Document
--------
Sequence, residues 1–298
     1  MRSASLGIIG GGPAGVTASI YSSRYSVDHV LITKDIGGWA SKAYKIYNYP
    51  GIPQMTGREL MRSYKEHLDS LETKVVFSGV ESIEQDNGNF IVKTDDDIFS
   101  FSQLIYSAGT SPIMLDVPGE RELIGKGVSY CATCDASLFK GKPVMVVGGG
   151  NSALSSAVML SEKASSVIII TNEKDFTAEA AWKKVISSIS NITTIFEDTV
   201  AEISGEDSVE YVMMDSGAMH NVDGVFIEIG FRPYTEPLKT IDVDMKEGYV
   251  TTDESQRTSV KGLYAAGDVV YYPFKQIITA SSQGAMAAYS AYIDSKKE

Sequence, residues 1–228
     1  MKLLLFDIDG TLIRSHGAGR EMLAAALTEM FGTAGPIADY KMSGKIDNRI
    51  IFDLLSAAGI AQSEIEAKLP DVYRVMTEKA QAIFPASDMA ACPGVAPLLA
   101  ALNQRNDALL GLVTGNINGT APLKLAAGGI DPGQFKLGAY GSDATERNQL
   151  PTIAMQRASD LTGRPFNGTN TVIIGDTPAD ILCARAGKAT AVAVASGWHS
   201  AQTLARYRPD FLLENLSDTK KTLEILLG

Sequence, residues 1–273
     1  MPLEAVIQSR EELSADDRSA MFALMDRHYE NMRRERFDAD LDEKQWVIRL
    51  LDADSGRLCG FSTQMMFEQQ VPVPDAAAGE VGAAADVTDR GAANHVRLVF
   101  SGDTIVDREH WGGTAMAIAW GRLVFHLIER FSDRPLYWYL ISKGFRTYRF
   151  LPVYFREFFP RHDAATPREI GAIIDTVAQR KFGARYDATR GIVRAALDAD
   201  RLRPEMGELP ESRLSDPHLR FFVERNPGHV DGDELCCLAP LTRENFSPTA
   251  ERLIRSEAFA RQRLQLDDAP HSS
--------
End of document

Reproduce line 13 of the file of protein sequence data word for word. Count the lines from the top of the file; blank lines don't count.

   201  AQTLARYRPD FLLENLSDTK KTLEILLG